Data indicate that only about one-half of people with diabetes are properly screened for diabetic retinopathy (DR), and many patients at high risk for vision loss do not receive treatment. “Annual DR screening has been recommended by guidelines for years, but many Americans have limited access to these screenings,” says Yi Zhang, MD, PhD. “A more practical alternative is to perform DR screening when caring for patients at primary care offices and then referring those who need further eye care to ophthalmologists or retina specialists. By bringing DR screening to primary care, we may be able to identify this treatable condition earlier and improve visual outcomes.”
For a study published in BMC Ophthalmology, Dr. Zhang, Jeffrey D. Henderer, MD, and colleagues evaluated how often positive retinopathy screening exams via telehealth resulted in a completed ophthalmology appointment among patients at the Lewis Katz School of Medicine at Temple University. Data from a 15-month period was reviewed to investigate how many patients were screened, the interpretability of remote fundus photographs, how often these photographs led to a DR diagnosis, and how many patients followed up for an office exam, if indicated.
Telemedicine DR Screening Practical, Efficient But Needs Refining
“We found that 32.6% of remote fundus images were graded as uninterpretable, which was higher than what we expected and adversely affected the quality of our screening,” Dr. Zhang says. “This finding suggests that it’s critical to provide staff sufficient training and timely feedback to shorten their learning curve with remote fundus photography and ensure that they are proficient in this capability.”
Among all screening exams, slightly more than one-half triggered a request for a referral to ophthalmology. Roughly 55% of the total referrals generated were due to an inability to assess for retinopathy in at least one eye (Figure). “We also found that only 9.5% of patients who needed a referral eventually received an eye exam at our offices,” Dr. Zhang says. “This reminds us that a successful telemedicine screening program must close the communication gap between screening and timely follow-up my eye care specialists. Mere identification of DR, or an uninterpretable photo, is not enough.”
Dr. Zhang says that the study highlights that primary care-based telemedicine is a practical, efficient way to carry out DR screening, especially among at-risk urban communities. “That said, our current technique needs improvement,” he says. “Currently, the mainstay of DR screening is an in-person visit at an eye care provider office, but this is inconvenient for patients, inefficient for providers, and costly for the healthcare system. Our study showed that more than one-half of patients did not have any DR, so these people did not require a more costly ophthalmology eye exam. A primary care-base telemedicine DR screening can be a cost-efficient alternative to in-person screening.”
Artificial Intelligence-Assisted Telemedicine DR Screening & Beyond
Recently, artificial intelligence (AI)-assisted telemedicine has become a trend in population-based disease screenings, according to Dr. Zhang. “In stage 2 of our project, we’re adding an AI system to our DR screening to potentially overcome issues with poor photo quality and follow-up,” he says. “We want to take advantage of AI to help speed image interpretation and potentially identify other common eye diseases, such as glaucoma and age-related macular degeneration. To achieve this goal, AI and clinicians will both review the initial remote fundus images in parallel. This will hopefully provide the best of both worlds—the speed and efficiency of AI and the ability to screen for other eye diseases. If only diabetes is present, patients will have AI-only reads for the next 2 years, at which time another AI and human read will occur. This protocol will give us a glimpse into the efficiency of our primary care-based telemedicine system to screen for other eye diseases.”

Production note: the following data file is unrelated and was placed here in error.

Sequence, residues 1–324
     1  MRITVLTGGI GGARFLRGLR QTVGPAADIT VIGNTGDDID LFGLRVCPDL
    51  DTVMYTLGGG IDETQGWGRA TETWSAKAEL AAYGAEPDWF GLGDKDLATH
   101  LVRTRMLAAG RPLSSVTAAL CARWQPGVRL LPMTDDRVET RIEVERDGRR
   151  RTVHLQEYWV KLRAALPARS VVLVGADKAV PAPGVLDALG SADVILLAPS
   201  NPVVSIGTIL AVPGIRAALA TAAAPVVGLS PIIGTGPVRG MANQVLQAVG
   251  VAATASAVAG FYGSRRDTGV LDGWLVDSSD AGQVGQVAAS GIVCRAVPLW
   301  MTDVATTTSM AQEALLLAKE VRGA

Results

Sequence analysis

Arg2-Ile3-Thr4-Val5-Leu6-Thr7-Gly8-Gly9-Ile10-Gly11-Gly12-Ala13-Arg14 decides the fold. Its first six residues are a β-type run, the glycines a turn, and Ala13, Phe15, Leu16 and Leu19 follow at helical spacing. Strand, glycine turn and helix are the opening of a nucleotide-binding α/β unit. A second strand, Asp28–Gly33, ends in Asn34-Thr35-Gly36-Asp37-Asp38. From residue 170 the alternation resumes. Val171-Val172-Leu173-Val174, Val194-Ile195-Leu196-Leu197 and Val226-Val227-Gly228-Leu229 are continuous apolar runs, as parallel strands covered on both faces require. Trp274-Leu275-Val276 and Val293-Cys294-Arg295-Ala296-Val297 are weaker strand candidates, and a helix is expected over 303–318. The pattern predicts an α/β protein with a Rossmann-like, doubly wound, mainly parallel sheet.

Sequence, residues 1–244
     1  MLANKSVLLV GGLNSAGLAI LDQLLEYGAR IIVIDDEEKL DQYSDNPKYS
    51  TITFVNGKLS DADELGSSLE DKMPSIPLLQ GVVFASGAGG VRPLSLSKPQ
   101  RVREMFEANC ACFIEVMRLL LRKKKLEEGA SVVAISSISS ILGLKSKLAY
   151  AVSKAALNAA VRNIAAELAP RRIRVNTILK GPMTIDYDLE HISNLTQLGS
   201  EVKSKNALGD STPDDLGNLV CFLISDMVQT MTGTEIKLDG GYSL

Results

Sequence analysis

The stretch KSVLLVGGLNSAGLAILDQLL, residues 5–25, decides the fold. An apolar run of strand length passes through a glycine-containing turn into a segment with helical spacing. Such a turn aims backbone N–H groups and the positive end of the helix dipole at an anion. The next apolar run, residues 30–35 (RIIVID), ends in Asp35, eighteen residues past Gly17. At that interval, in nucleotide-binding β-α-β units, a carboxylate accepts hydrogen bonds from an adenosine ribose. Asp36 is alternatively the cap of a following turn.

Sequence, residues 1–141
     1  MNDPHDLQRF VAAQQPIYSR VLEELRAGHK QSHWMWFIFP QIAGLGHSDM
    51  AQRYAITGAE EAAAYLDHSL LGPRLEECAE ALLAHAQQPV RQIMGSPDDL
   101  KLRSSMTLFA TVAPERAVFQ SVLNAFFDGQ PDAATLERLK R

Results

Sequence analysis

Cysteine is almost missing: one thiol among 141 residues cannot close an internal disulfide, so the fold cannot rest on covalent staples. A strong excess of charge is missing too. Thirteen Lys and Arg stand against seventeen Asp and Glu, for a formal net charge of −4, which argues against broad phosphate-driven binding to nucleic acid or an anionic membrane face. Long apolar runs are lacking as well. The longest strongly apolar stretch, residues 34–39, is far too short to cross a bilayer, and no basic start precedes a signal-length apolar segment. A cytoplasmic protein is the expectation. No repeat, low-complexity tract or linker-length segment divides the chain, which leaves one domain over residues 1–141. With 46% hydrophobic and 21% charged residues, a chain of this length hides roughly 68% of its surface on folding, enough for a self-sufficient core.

“In addition, we’re trying to refine criteria for which patients need an annual remote fundus photograph,” says Dr. Henderer. “Since most patients with diabetes do not have DR, determining criteria that are predictive of having DR may help us better target patients for appropriate DR screening. Length of time with diabetes and glucose control are predictive of retinopathy, but we want to determine if other biomarkers can be combined with this information to better identify higher risk patients.”
Benjamin JE, Sun J, Cohen D, et al. A 15 month experience with a primary care-based telemedicine screening program for diabetic retinopathy. BMC Ophthalmol. 2021;21:70. Available at: https://www.ncbi.nlm.nih.gov/pmc/articles/PMC7859899/.
Owsley C, McGwin G, Lee DJ, et al. Diabetes eye screening in urban settings serving minority populations: detection of diabetic retinopathy and other ocular findings using telemedicine. JAMA Ophthalmol. 2015;133(2):174-181.
Cummings DM, Morrissey S, Barondes MJ, Rogers L, Gustke S. Screening for diabetic retinopathy in rural areas: the potential of telemedicine. J Rural Heal. 2001;17(1):25-31.
Salti H, Cavallerano JD, Salti N, et al. Nonmydriatic retinal image review at time of endocrinology visit results in short-term HbA1c reduction in poorly controlled patients with diabetic retinopathy. Telemed E-Health. 2011;17:415-419.